Now that everything was done, I am pleased with the wider entrances and the surface does really seem less slippery. But the improved signs for the routing do not impress me at all. The routing inside the garage has been a problem ever since the garage was opened. People who use the minus 1 level, in other words the basement, can use a ramp to cycle back up to street level. Unfortunately, that ramp ends on the ground floor in the middle of the very long garage and not on one of the extreme ends where the other three ramps start or end. On top of that the garage only has one way cycle paths around the outside of the rows of parking racks. That means that to get to the north-exit people have to cycle to the south-exit first (half the length of the garage) make a 180-degree turn and then they have to cycle the full length of the garage again to get to the north-exit. The garage is 350 metres long, so that is indeed quite the detour. To avoid that detour, a lot of people cycle via one of the short corridors with parking racks, the first two times that is possible (corridors 46 and 47). This leads to many near misses with people walking there or people who are just parking their bicycles there. Some new symbols try to inform people that they should push their bicycles when they use those corridors with the racks. But I can already tell you: they don’t. During rush hour it is almost impossible to walk in the corridors most used to take a short-cut, because so many people cycle there illegally. This is clearly a design failure. In my opinion it can almost only be remedied by safely allowing people to take that shortcut. This could be done by sacrificing one of the two corridors most used to do that. When you remove the racks there, there is room to make the surface red and allow that shortcut. That has not happened in this upgrade, but the way it is now, it is (remains) dangerous. As someone who has chosen corridor 47 as the place for his bicycle (because that is near the most convenient exit for me) I can tell. So often I had to quickly get out of the way of someone cycling there that it is bound to go wrong one day. Another -less friendly- option that doesn’t cost expensive parking spaces is to raise the level of the central walking corridor a bit. There are already parts where that corridor has one step. Easy to pass on foot, but not easy to pass with a bicycle.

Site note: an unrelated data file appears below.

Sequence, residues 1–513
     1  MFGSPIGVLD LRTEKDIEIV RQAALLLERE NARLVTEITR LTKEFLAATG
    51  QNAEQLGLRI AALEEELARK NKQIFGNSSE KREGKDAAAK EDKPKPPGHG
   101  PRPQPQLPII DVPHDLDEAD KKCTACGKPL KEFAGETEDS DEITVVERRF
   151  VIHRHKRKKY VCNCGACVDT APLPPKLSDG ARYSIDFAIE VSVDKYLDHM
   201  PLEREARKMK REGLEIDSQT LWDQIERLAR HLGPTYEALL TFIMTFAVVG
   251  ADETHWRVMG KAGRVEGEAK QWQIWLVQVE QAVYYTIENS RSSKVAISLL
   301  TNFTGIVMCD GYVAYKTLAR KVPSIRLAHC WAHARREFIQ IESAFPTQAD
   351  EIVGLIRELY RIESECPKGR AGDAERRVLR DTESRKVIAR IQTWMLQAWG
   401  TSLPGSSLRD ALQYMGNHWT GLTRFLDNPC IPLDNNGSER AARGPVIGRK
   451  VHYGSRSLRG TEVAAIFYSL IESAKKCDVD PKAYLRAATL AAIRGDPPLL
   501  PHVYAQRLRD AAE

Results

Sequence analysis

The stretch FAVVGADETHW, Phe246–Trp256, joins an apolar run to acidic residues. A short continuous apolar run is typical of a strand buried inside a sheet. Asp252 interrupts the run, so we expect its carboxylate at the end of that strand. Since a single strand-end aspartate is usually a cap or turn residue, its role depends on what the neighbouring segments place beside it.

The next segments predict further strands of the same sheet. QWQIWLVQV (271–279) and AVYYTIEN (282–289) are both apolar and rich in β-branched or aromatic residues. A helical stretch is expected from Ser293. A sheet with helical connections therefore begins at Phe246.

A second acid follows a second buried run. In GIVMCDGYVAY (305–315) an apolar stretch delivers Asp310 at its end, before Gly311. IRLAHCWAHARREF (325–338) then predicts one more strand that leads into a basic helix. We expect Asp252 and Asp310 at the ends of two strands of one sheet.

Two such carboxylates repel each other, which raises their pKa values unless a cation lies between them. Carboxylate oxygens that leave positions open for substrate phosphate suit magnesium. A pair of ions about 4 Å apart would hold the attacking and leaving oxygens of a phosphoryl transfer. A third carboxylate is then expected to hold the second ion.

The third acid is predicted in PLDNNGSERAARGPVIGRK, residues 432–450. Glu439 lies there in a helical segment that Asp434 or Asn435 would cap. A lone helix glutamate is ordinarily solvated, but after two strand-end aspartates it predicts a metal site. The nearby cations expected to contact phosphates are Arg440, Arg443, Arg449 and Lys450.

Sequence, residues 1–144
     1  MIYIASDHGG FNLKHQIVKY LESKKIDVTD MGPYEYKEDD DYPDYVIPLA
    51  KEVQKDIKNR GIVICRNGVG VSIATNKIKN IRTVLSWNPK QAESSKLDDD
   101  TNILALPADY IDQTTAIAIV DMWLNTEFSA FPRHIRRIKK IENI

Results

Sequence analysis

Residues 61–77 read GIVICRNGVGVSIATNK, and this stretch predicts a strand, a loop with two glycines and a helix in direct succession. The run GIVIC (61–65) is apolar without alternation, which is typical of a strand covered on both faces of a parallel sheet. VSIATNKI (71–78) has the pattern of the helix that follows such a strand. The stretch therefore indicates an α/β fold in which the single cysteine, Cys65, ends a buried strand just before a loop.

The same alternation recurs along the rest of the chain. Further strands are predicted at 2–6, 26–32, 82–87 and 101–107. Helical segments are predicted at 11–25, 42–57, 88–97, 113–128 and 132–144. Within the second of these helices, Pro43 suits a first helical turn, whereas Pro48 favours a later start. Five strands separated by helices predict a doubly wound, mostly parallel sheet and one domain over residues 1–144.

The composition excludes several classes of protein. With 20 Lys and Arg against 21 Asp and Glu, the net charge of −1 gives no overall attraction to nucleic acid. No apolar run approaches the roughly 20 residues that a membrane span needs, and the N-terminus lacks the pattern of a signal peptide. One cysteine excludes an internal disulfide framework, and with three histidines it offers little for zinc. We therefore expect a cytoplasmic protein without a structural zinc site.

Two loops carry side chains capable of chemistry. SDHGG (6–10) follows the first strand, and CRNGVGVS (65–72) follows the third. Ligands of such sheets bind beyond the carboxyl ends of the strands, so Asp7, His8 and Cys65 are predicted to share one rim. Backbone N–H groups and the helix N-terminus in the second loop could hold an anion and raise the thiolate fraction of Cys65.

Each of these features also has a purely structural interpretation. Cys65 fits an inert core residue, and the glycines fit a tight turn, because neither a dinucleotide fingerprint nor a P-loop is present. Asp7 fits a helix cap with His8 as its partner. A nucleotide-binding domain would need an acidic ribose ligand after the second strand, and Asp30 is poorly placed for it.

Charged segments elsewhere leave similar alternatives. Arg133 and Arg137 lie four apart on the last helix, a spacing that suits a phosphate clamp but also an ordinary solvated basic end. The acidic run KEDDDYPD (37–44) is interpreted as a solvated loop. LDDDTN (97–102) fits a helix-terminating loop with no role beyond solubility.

The new adjustments have only been in place a couple of weeks now. I hope the measures are evaluated and something substantial is done to that illegal riding in the parking rack corridors. Other than that I am perfectly pleased with this garage where my Utrecht bicycle ‘lives’.
2 thoughts on “Minor upgrades to the world’s largest bicycle parking garage in Utrecht”
I’m curious if the garage is starting to fill up frequently. I saw the construction over the summer, but I also saw some overflow possibly. Does it seem like spaces are running out and you can’t be confident of finding a place to park?
Also curious about people’s feeling of security. The garage is well-monitored. Is that successful at deterring theft and anti-social behavior?
I can only speak for myself and I feel confident my bicycle is safe enough there. As a subscription holder I park at street level without checking in and out. But I do not use an extra chain for my bicycle. So it is only locked with my integrated ring lock. There are some – more distant – rows of racks that are filling up less, so there will always still be a space, but the racks in the most convenient locations (near exits or staircases) are really full!